And this, they said, could well form the basis of very fast optical computing.
Scientists have known for a while of the concept using lasers but they need too much energy and they’re not suitable for integrating into chips.
At Duke, researchers made semiconductor quantum dots emit light at over 90 billion gigaherz and they believe the “plasmonic” device could form the basis for optical computing chips.
The team is working to sandwich a single quantum dot in the gap between a silver nanocube and gold foil – the quantum dots are six nanometres wide and create a directional efficient emission of photos that can be switched on and off.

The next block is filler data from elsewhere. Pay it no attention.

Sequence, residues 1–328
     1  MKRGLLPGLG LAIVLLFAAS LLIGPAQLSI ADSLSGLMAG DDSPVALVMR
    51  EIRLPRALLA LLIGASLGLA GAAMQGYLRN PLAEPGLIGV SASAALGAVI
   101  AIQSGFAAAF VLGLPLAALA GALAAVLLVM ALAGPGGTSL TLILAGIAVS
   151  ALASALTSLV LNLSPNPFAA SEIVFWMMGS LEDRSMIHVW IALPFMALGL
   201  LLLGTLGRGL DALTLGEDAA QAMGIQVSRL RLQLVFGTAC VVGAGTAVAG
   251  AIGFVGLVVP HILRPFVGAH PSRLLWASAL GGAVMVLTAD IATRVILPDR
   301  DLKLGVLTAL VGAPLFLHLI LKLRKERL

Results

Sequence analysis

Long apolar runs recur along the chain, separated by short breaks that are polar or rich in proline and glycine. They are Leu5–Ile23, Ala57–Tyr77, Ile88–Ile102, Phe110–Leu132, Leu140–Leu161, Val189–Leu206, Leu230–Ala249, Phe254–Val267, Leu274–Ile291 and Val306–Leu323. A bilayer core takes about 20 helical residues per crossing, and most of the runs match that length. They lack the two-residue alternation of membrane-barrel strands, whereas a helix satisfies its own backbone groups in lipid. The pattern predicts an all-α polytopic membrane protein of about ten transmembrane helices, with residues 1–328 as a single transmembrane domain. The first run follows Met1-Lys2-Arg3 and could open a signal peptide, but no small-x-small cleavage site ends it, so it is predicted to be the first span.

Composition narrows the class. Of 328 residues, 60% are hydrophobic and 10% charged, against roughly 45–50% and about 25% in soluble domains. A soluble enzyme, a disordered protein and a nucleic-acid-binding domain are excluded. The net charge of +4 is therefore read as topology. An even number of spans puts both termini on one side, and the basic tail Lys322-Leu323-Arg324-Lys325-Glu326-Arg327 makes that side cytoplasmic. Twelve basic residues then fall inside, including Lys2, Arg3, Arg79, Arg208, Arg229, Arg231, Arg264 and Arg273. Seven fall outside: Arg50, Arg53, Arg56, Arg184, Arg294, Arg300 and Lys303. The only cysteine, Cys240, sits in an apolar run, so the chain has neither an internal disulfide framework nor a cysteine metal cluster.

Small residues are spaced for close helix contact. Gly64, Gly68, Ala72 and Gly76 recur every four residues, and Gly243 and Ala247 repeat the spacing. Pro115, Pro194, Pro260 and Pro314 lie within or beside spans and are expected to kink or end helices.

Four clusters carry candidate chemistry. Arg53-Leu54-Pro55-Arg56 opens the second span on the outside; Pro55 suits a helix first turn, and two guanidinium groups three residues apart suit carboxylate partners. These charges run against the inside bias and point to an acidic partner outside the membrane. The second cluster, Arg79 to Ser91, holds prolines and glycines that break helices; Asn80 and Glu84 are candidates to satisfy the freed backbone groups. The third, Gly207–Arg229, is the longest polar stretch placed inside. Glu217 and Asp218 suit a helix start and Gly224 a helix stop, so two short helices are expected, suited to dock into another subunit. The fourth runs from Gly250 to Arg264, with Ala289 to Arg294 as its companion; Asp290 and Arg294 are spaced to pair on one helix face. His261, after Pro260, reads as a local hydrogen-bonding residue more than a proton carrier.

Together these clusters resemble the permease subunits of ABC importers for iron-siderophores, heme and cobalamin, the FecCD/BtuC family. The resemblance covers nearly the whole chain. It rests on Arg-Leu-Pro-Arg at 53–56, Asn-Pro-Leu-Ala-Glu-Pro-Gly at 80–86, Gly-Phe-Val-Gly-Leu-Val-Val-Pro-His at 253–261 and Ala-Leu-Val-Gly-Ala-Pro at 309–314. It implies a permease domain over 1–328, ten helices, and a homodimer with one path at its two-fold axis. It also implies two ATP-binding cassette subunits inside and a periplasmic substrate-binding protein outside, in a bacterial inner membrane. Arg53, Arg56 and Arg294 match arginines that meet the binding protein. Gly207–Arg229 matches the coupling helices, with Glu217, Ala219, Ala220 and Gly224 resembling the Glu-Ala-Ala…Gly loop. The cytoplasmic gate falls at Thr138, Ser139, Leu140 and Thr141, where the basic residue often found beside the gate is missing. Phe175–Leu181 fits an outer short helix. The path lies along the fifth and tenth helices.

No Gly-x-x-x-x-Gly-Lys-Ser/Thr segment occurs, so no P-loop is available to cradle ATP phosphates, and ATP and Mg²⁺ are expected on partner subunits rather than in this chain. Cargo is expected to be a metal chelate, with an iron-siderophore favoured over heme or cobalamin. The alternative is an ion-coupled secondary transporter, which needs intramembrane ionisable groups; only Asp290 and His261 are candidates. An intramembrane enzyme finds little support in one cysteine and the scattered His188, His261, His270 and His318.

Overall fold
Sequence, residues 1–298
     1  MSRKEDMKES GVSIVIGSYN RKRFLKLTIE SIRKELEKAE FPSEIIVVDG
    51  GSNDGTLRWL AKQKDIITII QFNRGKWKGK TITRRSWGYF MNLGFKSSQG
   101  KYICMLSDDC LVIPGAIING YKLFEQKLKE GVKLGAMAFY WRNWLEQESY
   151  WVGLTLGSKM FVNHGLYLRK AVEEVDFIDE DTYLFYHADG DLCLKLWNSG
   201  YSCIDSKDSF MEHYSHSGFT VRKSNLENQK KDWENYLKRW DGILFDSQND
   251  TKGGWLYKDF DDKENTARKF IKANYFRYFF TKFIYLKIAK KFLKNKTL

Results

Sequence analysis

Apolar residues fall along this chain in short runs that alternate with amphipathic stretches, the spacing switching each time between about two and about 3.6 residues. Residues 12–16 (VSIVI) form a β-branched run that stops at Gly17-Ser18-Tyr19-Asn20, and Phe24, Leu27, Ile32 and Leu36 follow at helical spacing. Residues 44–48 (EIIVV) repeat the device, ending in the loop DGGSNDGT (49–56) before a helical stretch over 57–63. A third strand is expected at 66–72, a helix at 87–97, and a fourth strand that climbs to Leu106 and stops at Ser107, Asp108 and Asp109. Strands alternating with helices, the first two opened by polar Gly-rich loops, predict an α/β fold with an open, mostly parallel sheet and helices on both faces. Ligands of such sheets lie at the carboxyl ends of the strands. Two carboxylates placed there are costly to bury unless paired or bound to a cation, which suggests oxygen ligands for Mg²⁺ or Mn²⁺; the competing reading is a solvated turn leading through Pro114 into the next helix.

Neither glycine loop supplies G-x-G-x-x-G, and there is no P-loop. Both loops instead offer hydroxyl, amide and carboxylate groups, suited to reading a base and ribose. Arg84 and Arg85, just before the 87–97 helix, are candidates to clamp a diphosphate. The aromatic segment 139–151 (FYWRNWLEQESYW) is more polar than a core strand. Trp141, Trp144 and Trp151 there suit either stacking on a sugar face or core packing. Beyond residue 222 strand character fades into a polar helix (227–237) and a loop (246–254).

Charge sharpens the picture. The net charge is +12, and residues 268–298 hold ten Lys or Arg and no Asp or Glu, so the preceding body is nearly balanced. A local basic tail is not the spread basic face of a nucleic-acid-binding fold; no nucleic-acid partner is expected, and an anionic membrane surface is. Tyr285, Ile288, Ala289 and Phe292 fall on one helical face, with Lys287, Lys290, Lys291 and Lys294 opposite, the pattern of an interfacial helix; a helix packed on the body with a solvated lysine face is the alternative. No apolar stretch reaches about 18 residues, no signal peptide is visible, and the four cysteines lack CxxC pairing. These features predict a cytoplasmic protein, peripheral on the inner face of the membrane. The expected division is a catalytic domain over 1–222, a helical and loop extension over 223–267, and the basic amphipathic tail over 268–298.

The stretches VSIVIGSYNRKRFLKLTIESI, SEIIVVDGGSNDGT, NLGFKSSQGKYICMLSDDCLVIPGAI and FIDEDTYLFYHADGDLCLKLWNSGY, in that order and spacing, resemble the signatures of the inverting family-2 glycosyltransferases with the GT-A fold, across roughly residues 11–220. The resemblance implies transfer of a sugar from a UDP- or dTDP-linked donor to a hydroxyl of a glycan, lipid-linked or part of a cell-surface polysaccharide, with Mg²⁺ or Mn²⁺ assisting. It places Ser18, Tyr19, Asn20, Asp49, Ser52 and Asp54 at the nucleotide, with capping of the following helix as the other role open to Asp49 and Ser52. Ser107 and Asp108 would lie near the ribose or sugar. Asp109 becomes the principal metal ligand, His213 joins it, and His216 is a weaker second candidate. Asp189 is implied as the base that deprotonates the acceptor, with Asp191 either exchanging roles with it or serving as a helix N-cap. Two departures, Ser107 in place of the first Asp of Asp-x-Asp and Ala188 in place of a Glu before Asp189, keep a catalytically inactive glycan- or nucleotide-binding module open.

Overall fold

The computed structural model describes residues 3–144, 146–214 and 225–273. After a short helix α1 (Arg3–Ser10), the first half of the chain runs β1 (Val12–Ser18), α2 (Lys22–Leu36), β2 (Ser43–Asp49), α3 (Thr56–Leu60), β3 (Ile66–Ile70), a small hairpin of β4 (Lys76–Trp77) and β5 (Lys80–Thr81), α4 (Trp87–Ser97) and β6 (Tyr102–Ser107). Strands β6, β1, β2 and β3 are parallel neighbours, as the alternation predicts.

They explained that when a laser shines on the surface of a 75 nanometre silver cube, free electrons oscillate together and create their own light.
Gleb Akselrod, a postdoctoral researcher at Duke said that the scientific community has shown interest in replacing lasers with LEDs for short distance optical communications. Akselrod said the team has made an important step towards solving these problems.
The illustration shows a nanoscale view of the superfast fluorescent system. The uqantum dots (pink) are sandwiched between the silver nanocube and a thin gold foil.